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Forum LockedThe Battle of Marathon

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    Posted: 26-Mar-2007 at 13:31
I am currently doing a Research Paper in my high school class and i need to interview a qualified historian on the strategies and battle tactics of the Battle of Marathon Smile
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Post Options Post Options   Thanks (0) Thanks(0)   Quote Adalwolf Quote  Post ReplyReply Direct Link To This Post Posted: 26-Mar-2007 at 14:18
Perhaps you could do an email interview? I had to do that several times in high school. 
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Post Options Post Options   Thanks (0) Thanks(0)   Quote History Student Quote  Post ReplyReply Direct Link To This Post Posted: 08-Apr-2007 at 21:02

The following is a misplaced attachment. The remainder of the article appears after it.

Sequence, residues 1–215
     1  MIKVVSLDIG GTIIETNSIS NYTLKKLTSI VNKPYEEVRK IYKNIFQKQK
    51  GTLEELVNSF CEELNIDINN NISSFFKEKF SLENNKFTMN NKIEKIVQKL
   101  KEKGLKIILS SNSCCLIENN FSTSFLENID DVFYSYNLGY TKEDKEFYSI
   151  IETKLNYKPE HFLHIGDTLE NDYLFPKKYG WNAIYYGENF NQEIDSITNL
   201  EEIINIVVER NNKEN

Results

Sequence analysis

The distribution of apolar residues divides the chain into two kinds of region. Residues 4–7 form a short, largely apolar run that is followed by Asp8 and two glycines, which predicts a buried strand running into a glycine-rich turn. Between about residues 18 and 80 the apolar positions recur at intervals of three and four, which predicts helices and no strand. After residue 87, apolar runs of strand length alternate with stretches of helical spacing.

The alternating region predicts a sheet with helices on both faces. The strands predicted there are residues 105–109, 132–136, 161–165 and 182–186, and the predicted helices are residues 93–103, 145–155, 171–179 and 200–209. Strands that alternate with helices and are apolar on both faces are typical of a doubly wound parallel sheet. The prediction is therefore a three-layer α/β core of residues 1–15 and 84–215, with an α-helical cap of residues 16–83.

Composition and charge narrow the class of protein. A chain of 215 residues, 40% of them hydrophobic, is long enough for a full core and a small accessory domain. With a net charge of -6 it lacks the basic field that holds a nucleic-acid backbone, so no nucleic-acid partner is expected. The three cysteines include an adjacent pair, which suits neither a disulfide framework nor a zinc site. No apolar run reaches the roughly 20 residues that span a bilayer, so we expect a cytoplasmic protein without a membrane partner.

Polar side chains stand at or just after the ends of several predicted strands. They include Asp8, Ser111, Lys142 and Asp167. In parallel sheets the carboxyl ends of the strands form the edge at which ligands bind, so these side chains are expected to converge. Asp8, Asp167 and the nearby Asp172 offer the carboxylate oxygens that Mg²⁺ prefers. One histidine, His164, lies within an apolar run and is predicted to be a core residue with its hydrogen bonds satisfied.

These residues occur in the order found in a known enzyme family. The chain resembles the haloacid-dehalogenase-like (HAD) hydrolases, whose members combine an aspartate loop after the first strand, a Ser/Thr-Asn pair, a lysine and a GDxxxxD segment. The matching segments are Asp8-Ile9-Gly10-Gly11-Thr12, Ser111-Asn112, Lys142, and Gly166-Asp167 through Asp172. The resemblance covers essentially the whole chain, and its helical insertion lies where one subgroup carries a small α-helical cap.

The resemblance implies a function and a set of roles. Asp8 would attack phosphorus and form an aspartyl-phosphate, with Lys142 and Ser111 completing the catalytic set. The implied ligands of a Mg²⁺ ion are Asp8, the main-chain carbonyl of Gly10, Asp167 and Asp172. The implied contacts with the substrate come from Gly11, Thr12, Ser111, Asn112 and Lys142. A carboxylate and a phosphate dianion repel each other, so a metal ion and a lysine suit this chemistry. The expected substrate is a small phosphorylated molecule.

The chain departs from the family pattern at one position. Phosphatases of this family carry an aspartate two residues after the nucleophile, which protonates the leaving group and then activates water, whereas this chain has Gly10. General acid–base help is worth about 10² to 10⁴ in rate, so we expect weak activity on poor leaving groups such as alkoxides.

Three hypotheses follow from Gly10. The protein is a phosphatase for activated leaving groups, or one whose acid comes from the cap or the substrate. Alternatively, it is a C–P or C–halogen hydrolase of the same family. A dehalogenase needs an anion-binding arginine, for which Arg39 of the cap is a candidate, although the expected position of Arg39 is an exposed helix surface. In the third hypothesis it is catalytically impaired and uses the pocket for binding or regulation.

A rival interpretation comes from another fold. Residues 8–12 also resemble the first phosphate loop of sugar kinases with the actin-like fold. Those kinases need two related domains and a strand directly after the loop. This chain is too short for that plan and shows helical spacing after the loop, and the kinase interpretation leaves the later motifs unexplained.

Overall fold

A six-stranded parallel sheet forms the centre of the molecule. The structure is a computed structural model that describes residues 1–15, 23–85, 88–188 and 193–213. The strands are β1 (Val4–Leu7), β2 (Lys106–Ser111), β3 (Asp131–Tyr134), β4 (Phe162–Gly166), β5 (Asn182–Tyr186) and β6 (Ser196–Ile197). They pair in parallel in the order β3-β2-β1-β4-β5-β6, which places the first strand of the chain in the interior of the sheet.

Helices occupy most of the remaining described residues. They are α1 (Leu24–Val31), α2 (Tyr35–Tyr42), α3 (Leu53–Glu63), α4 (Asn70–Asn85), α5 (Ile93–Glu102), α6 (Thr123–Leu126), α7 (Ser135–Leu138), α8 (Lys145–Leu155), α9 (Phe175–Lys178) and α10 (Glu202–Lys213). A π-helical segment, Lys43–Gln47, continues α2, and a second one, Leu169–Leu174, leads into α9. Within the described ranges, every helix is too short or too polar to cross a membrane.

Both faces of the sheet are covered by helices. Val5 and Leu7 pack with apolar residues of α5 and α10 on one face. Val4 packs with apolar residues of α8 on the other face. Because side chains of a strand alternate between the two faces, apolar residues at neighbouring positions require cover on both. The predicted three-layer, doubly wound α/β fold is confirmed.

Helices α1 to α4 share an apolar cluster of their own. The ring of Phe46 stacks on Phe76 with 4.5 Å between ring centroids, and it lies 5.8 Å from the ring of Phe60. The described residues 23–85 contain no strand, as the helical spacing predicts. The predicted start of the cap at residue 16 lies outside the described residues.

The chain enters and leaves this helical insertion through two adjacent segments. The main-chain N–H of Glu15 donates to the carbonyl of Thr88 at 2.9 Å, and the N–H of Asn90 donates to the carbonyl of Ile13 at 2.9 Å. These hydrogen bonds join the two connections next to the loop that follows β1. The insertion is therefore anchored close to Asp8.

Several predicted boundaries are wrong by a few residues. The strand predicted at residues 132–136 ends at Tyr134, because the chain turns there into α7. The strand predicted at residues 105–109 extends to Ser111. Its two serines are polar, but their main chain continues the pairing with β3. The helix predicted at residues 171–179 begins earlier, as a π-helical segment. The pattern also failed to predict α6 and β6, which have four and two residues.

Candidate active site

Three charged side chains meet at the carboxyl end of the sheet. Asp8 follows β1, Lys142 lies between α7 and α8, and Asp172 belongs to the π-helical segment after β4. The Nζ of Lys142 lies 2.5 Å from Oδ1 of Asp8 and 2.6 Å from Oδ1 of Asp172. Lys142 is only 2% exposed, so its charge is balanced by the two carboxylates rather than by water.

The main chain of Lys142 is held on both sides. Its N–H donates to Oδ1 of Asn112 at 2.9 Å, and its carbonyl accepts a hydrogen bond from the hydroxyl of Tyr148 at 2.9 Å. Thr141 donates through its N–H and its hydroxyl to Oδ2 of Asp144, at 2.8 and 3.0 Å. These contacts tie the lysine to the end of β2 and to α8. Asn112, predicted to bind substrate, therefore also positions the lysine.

Yeah...that's what i had in mind. I just dont know who to interview... :'(
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Post Options Post Options   Thanks (0) Thanks(0)   Quote Sparten Quote  Post ReplyReply Direct Link To This Post Posted: 09-Apr-2007 at 01:34
Well I am not a qualified student, but do not fail to mention the political effects of the result. Arguements over what part of the army did the Athenians actually face or numbers is irrelevent to the fact that marathon being an Athenian victory over the mighty Persians was thus responsible for the beginning of the rise in Athenian preeminence.
The Germans also take vacations in Paris; especially during the periods they call "blitzkrieg".
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Post Options Post Options   Thanks (0) Thanks(0)   Quote Darius of Parsa Quote  Post ReplyReply Direct Link To This Post Posted: 03-Oct-2007 at 06:03